Brentano Quartet, Serkin in bold program at Shriver Hall
As we get farther away from the atonal revolution of the early 20th century, it's harder to find composers who are totally dedicated to that cause. Those who have managed to stay true to the complexities of the 12-tone system devised by Schoenberg, avoiding any trace of neo-this or neo-that in their work, seem all the braver now. One such stalwart is Charles Wuorinen, whose thorny, brilliant Second Piano Quintet was performed during the Brentano String Quartet's remarkably bold program presented Sunday night by the Shriver Hall Concert Series.
There was even a bracing work by Schoenberg on the bill, too. In such company, Beethoven's Grosse Fuge sounded more way-out-there than ever. For that matter, Haydn's D minor Quartet, Op. 76, No. 3 (nicknamed "Fifths"), the tamest work on the concert, also came across as doubly bold, unconventional, forward-looking.
Wuorinen wrote his quintet for the Brentano players -- an ensemble exceptionally well-matched in tone, technique and temperament -- and the excellent pianist Peter Serkin. They gave the premiere last summer and collaborated on the work again here. The skittish first movement of the Second Piano Quintet is a study in musical pointillism, each note deftly dropped onto the aural canvas. The viola's dark song in the second movement weaves through the dissonant landscape compellingly. A scherzo of remarkable energy gives way to tremolos and night sounds that characterize the spacious finale, which, in turn, is surprised by ...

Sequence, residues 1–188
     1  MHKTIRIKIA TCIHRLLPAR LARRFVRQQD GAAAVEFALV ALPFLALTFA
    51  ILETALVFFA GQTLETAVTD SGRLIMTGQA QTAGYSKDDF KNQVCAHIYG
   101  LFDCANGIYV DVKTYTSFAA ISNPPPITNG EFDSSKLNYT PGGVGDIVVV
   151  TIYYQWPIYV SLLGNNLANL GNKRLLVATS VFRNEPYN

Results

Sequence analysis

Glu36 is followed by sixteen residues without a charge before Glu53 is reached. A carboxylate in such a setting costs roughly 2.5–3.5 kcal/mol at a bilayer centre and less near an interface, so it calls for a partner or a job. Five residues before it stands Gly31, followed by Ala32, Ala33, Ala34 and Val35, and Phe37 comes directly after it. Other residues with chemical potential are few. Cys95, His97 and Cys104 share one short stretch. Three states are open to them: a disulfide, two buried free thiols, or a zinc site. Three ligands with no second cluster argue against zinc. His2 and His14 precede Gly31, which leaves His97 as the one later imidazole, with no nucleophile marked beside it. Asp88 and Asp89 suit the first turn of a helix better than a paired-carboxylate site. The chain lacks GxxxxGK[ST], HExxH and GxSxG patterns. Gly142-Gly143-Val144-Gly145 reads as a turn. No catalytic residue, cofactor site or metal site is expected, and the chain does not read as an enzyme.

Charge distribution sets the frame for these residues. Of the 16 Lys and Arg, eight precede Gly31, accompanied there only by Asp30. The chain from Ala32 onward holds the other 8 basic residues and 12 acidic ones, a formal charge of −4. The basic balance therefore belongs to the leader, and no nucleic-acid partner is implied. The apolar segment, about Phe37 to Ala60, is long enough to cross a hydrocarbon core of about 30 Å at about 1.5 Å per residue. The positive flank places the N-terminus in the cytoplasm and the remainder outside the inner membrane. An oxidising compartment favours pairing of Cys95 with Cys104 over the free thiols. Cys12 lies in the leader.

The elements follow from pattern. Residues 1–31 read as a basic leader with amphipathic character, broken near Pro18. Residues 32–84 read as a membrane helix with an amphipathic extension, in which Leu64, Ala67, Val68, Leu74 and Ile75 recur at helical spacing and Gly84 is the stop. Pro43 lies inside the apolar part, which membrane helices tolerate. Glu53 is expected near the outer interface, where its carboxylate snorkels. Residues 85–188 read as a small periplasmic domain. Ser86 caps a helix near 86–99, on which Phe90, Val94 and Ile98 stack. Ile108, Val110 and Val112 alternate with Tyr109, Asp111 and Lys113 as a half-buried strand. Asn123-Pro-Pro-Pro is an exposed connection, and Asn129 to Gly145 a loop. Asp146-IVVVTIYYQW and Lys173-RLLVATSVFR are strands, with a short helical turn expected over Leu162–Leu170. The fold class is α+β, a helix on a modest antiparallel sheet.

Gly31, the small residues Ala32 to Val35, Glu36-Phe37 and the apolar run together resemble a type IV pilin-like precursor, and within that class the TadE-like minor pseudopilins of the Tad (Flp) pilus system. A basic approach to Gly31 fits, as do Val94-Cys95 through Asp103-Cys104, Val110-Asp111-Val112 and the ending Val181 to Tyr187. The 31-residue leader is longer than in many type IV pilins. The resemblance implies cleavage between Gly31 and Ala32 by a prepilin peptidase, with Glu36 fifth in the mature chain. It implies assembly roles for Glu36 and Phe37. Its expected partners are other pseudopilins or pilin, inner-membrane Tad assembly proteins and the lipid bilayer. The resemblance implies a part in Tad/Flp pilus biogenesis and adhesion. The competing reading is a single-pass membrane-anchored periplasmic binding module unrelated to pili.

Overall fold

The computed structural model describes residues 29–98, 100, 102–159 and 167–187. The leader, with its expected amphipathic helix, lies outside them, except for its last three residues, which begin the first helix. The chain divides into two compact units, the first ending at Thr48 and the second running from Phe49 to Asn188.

Schoenberg's Ode to Napoleon, composed at the height of World War II, is a fascinating piece for reciter and piano quintet. Here, the composer's 12-tone technique reveals subtle shifts to allow hints of more traditional tonality, so that the final burst of E-flat -- a reference to Beethoven's Eroica -- seems a perfectly natural destination.
Interested in making a statement about the horror of Hitler, Schoenberg found an ideal vehicle in Byron's poetic tirade against the French emperor ("To think that God's fair world hath been/The footstool of a thing so mean"), and his intense music underscores each line tellingly, without resorting to anything blatantly descriptive. The Brentano members and Serkin once again offered superb playing, as Thomas Meglioranza recited the poetry with great flair.
The performance of the Haydn quartet at the start of the evening was beautifully detailed and full of spontaneity; the music danced. I heard the Brentano ensemble play the heck out of Beethoven's wild fugal exercise in New York a couple weeks ago. Sunday's performance proved to be just as taut and engrossing.
BALTIMORE SUN FILE PHOTO OF BRENTANO QUARTET (AP); PHOITO OF PETER SERKIN COURTESY OF CM ARTISTS